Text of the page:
Southeastern hosts 25th annual Deep Delta Civil War Symposium June 4
Contact: Tonya Lowentritt
HAMMOND – “Conflict, Consensus and the Civil War: 150 Years of Controversy!” is the theme of the annual Deep Delta Civil War Symposium to be held June 4 at Southeastern Louisiana University.
Sponsored by Southeastern’s Department of History and Political Science, the symposium will be held in the War Memorial Student Union Theatre.
Now in its 25th year, the symposium is one of the largest Civil War conferences in the United States and annually attracts a national audience as well as many local Civil War enthusiasts.
“This year’s symposium is dedicated to Roman J. Heleniak, who served on Southeastern’s faculty for over forty years, and, as head of the Department of History and Political Science for almost two decades, helped bring the Deep Delta Symposium to Southeastern,” said Bill Robison, head of the Department of History and Political Science. “He is co-editor of ‘The Confederate High Command and Related Topics’ and ‘Leadership During the Civil War.’ He co-authored ‘Back Door to the Gulf: An American Paradise Lost – The Pass Manchac Region 1699-2000’ and authored numerous articles, essays and a weekly column for ‘The Hammond Daily Star.’”
Robison said Earl Hess’ presentation “The Myth and Reality of the Rifle-Musket in Civil War Combat” will open the symposium at 8:30 a.m. Hess is the author of “Banners to the Breeze: The Kentucky Campaign, Corinth, and Stone’s River;” “Field Armies and Fortifications in the Civil War: The Eastern Campaigns 1861-1854;” “In the Trenches at Petersburg;” and “Into the Crater: The Mine Attack at Petersburg.”
The symposium will also include social hours and book sales of speakers’ publications. Special prices are available for tickets purchased before June 1. Participants may also purchase conference tickets at the door. Discount prices are available for spouses and children. Fee information and a complete schedule are available online at selu.edu/deepdelta.
Teachers in the Teaching American History grant program may be eligible for a grant for symposium fees and are asked to contact TAH grant coordinator Ann Trappey at Ann.Trappey@tangischools.org.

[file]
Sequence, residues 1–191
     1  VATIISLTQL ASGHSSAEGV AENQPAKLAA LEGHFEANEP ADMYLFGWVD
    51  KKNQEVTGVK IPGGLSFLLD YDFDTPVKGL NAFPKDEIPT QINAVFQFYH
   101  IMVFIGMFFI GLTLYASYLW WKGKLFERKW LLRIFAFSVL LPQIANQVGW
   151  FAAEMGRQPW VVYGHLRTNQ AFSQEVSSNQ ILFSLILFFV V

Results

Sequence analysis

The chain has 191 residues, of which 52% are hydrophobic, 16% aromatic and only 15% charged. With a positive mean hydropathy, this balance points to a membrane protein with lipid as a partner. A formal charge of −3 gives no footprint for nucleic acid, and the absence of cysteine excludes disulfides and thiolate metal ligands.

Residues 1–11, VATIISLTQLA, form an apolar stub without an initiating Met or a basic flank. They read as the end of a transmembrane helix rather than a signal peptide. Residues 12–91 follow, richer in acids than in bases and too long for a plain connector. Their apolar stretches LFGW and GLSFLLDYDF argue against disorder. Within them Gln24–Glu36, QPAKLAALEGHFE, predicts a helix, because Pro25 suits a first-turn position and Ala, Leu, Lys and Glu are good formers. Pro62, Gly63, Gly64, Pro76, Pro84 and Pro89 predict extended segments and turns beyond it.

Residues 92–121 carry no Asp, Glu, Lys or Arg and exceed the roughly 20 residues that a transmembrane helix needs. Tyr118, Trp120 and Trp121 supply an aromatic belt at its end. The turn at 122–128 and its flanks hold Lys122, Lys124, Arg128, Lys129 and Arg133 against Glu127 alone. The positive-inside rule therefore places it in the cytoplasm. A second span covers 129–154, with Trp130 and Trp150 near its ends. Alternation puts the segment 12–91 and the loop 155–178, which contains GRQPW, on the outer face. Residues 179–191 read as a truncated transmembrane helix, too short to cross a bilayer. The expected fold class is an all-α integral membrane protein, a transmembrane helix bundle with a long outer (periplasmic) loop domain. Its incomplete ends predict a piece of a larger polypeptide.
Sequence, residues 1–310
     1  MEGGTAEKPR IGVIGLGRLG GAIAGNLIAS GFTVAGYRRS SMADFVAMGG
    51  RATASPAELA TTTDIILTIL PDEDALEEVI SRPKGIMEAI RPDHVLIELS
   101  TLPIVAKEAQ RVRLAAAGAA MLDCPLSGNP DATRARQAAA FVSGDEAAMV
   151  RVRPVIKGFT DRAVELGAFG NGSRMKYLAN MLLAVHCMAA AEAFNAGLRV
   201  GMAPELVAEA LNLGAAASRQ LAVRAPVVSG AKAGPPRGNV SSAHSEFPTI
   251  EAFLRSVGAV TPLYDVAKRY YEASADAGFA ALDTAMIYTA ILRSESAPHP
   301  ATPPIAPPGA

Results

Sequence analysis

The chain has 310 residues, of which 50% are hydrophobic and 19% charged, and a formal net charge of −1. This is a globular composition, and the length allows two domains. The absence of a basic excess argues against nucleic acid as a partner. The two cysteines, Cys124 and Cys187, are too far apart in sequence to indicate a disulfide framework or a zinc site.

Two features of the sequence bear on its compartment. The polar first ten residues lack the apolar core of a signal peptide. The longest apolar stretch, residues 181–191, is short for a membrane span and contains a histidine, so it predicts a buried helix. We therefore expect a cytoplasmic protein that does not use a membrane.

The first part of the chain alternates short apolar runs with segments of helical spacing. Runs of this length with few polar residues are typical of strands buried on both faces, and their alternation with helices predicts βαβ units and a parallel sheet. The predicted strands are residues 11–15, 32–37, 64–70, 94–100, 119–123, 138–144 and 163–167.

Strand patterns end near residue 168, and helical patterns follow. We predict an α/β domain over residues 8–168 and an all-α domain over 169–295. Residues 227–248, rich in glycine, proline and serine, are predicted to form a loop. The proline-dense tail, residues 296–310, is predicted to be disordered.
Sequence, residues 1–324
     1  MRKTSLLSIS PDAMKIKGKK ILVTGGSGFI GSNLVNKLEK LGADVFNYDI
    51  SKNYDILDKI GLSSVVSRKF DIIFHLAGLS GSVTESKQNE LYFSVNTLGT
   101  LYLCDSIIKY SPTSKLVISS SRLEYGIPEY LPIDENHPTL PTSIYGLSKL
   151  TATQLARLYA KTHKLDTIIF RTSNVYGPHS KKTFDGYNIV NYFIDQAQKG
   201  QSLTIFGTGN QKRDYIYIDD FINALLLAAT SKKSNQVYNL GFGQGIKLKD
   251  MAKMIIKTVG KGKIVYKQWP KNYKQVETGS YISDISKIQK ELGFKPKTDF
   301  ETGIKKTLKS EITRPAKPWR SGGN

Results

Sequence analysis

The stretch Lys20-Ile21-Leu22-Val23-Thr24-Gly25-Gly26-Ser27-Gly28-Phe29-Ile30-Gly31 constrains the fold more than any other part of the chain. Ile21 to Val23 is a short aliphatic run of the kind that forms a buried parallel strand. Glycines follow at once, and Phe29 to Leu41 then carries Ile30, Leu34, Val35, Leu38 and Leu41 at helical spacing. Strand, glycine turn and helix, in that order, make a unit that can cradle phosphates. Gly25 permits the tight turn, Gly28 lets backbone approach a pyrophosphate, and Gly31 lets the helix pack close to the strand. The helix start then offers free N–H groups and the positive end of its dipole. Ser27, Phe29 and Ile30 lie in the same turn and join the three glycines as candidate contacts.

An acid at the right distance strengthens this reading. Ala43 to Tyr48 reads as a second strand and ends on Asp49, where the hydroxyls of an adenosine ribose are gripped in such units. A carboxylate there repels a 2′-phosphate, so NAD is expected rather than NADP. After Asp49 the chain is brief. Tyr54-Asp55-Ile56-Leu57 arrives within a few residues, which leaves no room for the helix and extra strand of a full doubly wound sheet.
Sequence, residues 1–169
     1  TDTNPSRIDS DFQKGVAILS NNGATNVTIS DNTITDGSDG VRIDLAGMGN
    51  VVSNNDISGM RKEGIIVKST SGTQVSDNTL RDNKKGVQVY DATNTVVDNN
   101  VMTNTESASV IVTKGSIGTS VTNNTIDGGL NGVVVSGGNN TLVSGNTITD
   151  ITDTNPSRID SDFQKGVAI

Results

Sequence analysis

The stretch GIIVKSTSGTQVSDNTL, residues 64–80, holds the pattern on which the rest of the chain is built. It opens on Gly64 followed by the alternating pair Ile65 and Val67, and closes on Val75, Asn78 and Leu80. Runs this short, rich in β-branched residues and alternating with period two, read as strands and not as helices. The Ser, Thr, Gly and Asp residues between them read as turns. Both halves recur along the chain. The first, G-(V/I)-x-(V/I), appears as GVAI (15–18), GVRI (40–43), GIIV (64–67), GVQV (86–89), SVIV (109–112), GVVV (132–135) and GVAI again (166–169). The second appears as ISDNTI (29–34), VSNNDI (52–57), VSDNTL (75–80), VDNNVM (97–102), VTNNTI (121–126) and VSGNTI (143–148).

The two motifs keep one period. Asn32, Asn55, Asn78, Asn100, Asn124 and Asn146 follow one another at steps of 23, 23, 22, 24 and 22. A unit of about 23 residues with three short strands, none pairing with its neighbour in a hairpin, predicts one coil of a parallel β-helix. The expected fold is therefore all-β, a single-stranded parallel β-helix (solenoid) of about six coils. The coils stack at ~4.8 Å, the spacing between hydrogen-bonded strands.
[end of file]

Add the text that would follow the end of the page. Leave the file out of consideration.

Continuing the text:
Additional presenters and their topics will include:
▪ 9:45 a.m. – “Rich Man’s Fight: Wealth, Privilege and Military Service in Confederate Mississippi” by Paul Paskoff, author of “The Cause of the South: Selections from De Bow’s Review 1846-1867.”
▪ 11 a.m. – “From Secession to War: The Confederate Flags of 1861” by Greg Biggs, author of “Volunteer Banners: The Civil War Flags of Tennessee.”
▪ 1 p.m. – “In Defense of My Native State: Why Texans Fought in the Civil War” by Charles Greer, author of “Beyond Myths and Legends: A Narrative History of Texas,” and “The Fate of Texas: The Civil War and the Lone Star State.”
▪ 2:15 p.m. – “Braxton Bragg Reconsidered” by Lawrence L. Hewitt, independent scholar and author of “Port Hudson: Confederate Bastion on the Mississippi River.”
▪ 3:30 p.m. – “Alexander Stephens and Jefferson Davis: A Marriage Made in Hell” by
by Thomas F. Schott, Independent Scholar, former Deputy Command Historian, U.S. Special Operations Command Headquarters, MacDill Air Force Base, Florida, and author of “Alexander H. Stephens of Georgia: A Biography.”
▪ 4:45 p.m. – “150 Years of Splendid Controversy” a roundtable discussion.
▪ 7 p.m. – “A Georgian Looks at Sherman” by Richard McMurry, author of “An Uncompromising Secessionist: The Civil War of George Knox Miller.”
For additional information about the Deep Delta Civil War Symposium, contact the Department of History and Political Science, 985-549-2109 or email@example.com, or visit www.selu.edu/deepdelta.